(The usual 'I'm not a real DBA, but I need to handle this somehow' disclamer here)

We have a database with Full recovery model that doesn't really need a Full recovery model... only it does.

Some context first: the database in question contains some data used by the nightly job scheduler (e.g. server connection parameters, queue state etc.). This data doesn't really warrant for the point-in-time recovery or even, for that matter, for backups, because it's much easier to re-create the whole database from scratch. At the same time it's a production database with mirroring enabled, so it can stay online and available if we switch to DR server for any reason.

So we are in a Catch-22 situation: either we switch to Simple and lose the automatic failover setup (which is kind of necessary for us to have), or we keep Full and take regular log backups that we don't actually need, otherwise transaction log file will keep growing (with data that, again, we don't actually need).

The only solution I could come up with is scheduling an automatic job that discards all transaction log data, but I've been wondering if there is a saner way to handle this.

  • Mirroring cannot be configured when recovery model is simple.
    – Shanky
    May 5, 2017 at 6:10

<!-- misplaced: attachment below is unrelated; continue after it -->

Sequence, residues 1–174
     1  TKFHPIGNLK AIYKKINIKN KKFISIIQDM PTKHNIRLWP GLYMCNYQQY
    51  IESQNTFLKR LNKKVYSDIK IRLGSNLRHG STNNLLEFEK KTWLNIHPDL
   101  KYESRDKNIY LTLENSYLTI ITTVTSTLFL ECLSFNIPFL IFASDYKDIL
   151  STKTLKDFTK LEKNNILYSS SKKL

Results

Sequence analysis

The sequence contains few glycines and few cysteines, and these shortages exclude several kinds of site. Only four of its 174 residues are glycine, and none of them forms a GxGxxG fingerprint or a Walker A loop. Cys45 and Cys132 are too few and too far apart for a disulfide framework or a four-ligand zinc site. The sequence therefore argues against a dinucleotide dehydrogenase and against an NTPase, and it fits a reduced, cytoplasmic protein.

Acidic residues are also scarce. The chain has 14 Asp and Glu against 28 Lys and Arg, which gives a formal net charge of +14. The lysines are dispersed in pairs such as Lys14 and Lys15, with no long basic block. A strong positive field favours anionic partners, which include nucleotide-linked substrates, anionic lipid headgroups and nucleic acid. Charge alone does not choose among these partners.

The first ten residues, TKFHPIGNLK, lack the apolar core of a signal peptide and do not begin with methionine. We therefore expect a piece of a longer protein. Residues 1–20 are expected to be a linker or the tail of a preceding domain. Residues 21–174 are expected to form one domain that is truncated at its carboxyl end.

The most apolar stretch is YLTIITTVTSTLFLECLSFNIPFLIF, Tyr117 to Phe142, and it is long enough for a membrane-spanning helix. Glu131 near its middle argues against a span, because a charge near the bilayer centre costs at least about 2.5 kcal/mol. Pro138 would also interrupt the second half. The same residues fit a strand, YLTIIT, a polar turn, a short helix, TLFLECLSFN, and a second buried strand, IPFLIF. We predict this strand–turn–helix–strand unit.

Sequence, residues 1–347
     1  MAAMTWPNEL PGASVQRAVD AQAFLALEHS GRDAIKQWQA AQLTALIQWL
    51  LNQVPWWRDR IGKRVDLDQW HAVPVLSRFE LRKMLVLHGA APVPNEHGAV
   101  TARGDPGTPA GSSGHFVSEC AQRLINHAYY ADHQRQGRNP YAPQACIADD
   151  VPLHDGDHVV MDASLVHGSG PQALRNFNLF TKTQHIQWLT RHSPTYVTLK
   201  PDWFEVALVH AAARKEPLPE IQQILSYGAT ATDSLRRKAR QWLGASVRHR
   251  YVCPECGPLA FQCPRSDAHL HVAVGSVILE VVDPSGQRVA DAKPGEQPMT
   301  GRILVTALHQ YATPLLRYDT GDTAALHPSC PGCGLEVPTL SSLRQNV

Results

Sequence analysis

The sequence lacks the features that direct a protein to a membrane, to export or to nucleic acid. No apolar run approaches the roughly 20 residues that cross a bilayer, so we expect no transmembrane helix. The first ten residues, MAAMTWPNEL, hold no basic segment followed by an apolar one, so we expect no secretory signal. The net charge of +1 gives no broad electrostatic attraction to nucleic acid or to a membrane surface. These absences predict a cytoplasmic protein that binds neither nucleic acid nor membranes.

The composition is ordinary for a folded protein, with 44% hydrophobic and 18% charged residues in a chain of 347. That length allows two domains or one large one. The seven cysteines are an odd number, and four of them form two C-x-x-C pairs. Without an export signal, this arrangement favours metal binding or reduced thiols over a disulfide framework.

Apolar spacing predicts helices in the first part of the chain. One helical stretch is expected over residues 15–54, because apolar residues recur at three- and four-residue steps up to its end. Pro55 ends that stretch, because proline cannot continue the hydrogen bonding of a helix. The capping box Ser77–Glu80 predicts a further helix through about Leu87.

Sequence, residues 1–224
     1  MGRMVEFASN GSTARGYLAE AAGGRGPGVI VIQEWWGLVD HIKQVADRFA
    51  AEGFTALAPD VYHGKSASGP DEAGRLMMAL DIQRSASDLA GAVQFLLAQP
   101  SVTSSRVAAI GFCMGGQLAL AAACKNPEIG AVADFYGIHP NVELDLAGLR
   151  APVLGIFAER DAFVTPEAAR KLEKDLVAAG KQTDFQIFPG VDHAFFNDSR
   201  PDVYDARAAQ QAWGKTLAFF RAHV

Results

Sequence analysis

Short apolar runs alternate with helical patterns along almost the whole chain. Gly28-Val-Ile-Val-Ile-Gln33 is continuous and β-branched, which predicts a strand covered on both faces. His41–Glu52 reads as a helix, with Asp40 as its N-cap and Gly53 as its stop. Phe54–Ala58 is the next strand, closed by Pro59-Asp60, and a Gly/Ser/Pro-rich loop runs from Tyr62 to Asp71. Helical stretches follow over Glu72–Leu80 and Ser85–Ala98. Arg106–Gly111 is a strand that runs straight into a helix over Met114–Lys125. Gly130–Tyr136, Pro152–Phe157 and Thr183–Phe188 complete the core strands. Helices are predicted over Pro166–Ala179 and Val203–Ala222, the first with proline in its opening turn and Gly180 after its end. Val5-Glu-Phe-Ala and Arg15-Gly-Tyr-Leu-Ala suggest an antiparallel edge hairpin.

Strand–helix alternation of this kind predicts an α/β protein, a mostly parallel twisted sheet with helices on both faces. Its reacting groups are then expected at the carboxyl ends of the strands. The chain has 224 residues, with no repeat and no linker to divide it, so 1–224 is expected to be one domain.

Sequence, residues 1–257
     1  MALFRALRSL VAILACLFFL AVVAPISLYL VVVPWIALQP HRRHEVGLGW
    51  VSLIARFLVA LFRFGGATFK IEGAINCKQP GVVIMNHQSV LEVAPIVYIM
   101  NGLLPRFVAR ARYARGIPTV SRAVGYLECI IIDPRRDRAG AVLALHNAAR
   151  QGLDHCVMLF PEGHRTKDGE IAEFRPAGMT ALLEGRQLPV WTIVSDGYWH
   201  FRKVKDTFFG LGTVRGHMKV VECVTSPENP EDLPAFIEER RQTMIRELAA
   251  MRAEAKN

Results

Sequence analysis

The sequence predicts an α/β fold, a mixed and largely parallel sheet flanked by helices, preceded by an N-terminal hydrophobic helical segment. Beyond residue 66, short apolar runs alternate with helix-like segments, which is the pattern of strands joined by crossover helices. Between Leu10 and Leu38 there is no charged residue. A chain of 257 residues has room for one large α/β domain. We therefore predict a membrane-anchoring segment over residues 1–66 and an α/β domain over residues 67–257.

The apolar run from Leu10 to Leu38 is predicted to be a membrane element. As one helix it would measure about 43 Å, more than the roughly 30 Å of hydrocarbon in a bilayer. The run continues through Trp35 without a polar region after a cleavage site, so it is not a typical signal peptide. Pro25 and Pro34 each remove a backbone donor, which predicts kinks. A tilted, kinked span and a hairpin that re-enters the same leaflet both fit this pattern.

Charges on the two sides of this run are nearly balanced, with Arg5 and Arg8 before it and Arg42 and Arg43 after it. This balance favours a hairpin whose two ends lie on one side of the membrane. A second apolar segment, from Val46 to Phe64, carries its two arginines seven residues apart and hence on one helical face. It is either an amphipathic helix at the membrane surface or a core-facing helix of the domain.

2 Answers 2


Mirroring uses the transaction log to redo everything at the mirror site. In simple recovery model, the transaction log is effectively transitory and only enough information is kept in the log for undo/redo to keep the database consistent during crash recovery. So Database mirroring is not possible in Simple Recovery model as it is not supported.

  • I see, thank you vm for clarification. I suppose switching temporarily to Simple wouldn't work either without turning mirroring off, is that correct? May 5, 2017 at 5:43
  • @DarthVeyda correct, and you wouldn't be able to just flip it back on after changing recovery models either. May 5, 2017 at 11:54

While I dont normally recommend this, for your specific situation this will work. You can take log backups to the NUL device. The NUL device is a device file in the operating system that discards all data written to it but reports that the write operation succeeded. This is the basic TSQL syntax (Note there is only 1 L in NUL for this device, not be confused with NULL):

Backup log [TestDatabase] to Disk = 'NUL'

You could put this into a SQL Agent job and schedule it accordingly. Just a note of caution though for anyone reading this, this will destroy 'Point-in-Time' recovery, not generally recommended.

  • This is exactly what I ended up doing, after all - good to know I'm not the only one to think this is the only way in our case :) (Not marking this as the correct answer only to avoid encouraging people to do the same with their databases when they really shouldn't) It's a pity that SQL Server does not provide any means to have a failover setup without regular backups :( May 9, 2017 at 4:21

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